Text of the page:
Thursday 6 September 2012

Dozmary Pool and the Death of Dragons

This sad and gloomy landscape is Dozmary Pool, on Bodmin Moor. Legend says it is where King Arthur was granted Excalibur and also where Sir Bedivere returned the magical sword as Arthur lay dying after the Battle of Camlann.

I very much wanted to visit the lake when I was in Cornwall last month, but foolishly left finding the site until the very end of my holiday. That turned out to be a day of rain and mists - not a good time to venture out on treacherous and boggy Bodmin Moor; hardly a day to venture outside at all.

It would have been much more sensible to find a cosy pub, enjoy a glass or two of Cornish cider and shelter from the storm. But I was determined to visit the home of the Lady of the Lake, so I donned my walking boots and waterproofs, grabbed my OS Map of Bodmin, and set out on my quest.

Luckily, Dozmary Pool is quite easy to find as it isn't too far from a well-marked, if narrow, lane. However, after weeks of bad weather, the footpath that leads to the edge of the pool was seriously waterlogged. Wellies would have been better than walking boots, I soon discovered, as the mud was up to my ankles in places. Perhaps unsurprisingly, the lake was deserted when I got there.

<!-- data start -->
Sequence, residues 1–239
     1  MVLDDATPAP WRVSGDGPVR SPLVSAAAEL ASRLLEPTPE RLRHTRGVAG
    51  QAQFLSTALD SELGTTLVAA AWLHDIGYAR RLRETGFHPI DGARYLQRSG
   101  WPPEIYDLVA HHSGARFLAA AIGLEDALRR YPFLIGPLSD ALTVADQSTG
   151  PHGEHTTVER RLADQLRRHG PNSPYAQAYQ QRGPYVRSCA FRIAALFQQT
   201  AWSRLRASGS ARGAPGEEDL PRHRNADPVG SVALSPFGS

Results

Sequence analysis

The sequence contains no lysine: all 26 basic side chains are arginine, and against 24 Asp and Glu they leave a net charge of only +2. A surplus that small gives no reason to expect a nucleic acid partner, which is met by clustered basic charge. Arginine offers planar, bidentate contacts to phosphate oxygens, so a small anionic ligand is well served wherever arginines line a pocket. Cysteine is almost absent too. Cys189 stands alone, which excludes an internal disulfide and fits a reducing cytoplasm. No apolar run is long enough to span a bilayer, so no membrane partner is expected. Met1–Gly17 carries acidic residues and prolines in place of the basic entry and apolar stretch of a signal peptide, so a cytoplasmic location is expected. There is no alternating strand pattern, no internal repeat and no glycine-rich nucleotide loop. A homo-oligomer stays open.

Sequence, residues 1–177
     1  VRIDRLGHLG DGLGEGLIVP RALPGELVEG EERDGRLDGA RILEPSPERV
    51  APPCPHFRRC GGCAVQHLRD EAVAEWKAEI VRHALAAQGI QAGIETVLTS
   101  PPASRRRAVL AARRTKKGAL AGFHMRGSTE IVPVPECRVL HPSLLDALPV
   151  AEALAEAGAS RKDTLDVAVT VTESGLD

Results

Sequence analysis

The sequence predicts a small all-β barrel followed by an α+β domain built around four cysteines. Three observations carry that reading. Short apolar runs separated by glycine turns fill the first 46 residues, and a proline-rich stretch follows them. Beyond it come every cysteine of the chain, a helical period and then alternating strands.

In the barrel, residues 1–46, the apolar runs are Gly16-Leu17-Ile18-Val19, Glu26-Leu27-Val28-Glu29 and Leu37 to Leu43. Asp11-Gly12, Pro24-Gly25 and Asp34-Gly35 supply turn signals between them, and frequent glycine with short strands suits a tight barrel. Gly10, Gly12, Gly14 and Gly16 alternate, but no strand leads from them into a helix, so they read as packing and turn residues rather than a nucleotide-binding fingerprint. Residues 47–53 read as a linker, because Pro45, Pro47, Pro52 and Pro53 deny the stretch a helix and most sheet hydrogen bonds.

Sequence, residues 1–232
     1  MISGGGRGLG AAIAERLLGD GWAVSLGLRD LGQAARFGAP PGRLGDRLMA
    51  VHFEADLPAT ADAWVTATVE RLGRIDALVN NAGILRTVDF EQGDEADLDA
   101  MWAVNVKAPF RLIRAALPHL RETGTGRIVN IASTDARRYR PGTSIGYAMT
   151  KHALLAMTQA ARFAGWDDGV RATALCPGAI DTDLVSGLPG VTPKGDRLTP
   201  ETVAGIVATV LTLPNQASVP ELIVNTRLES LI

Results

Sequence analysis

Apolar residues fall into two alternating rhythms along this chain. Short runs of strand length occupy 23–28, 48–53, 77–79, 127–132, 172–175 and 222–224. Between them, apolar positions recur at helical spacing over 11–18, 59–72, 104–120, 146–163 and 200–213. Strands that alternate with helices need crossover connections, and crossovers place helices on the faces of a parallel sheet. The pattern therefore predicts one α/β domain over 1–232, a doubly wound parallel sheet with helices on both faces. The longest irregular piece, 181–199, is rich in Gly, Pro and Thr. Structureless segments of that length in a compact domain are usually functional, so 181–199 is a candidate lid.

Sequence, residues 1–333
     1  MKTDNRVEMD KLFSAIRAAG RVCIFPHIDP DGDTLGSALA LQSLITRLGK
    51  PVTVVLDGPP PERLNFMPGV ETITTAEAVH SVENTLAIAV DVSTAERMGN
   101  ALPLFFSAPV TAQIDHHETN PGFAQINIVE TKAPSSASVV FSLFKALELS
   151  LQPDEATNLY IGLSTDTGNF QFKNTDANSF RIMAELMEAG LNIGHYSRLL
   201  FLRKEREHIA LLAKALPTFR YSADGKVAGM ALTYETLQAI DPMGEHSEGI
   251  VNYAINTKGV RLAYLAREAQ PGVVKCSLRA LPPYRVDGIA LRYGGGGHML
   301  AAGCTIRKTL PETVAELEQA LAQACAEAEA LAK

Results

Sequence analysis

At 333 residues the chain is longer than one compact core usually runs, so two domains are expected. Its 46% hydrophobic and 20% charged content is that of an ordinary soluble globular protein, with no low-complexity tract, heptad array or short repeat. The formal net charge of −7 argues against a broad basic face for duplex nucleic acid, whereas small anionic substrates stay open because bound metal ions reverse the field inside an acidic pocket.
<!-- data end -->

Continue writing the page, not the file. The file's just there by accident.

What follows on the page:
I'm not really sure what I expected to find. I guess everyone with a love of Arthurian Tales who visits Dozmary Pool faintly hopes they might spot some rusty old sword lying at the water's edge.

What I saw, apart from the dark waters of the lake, was a huge dragonfly in the long grass on its bank. When the creature didn't fly away as I crept closer to photograph it, I realised it was dead. Rest in peace, Child of the Dragon, I thought, wondering if there was some subtle, magical message here for me after all.

Turning round, I spotted a small, perfectly white mushroom also growing by the water's edge.

I'm no expert in wild fungi, but it seemed as though a voice whispered in my ear: "What you see is a Destroying Angel. It is deadly. This is a place of death; do not take anything, do not touch anything, do not stay longer than is necessary to pay homage to the dead and to that which has gone."

So I did. I stood in silent contemplation, listening to the sound of the wind and the lapping of water. I thought of the death of King Arthur, and how this place could not have changed much over the centuries. A distant house and a rusty barbed wire were all I could see of the modern world.

As I turned to leave, silently thanking the Lady of the Lake for letting me find this sacred place, it seemed the voice whispered again in my thoughts: "You do not need a sword, your words are your weapons of power. Use them well."

"I will," I thought. "I promise."

Links and previous related posts


Vivienne said...

I remember going here many years ago when my children were young [much!!] and I seem to remember as an isolated place,very quiet and a bit eerie----I think Jamaica Inn is not to far from the pool too xxx

Badwitch said...

Jamaica Inn is very close. I stopped there to warm up with a cup of coffee after getting soaked in the rain at the pool!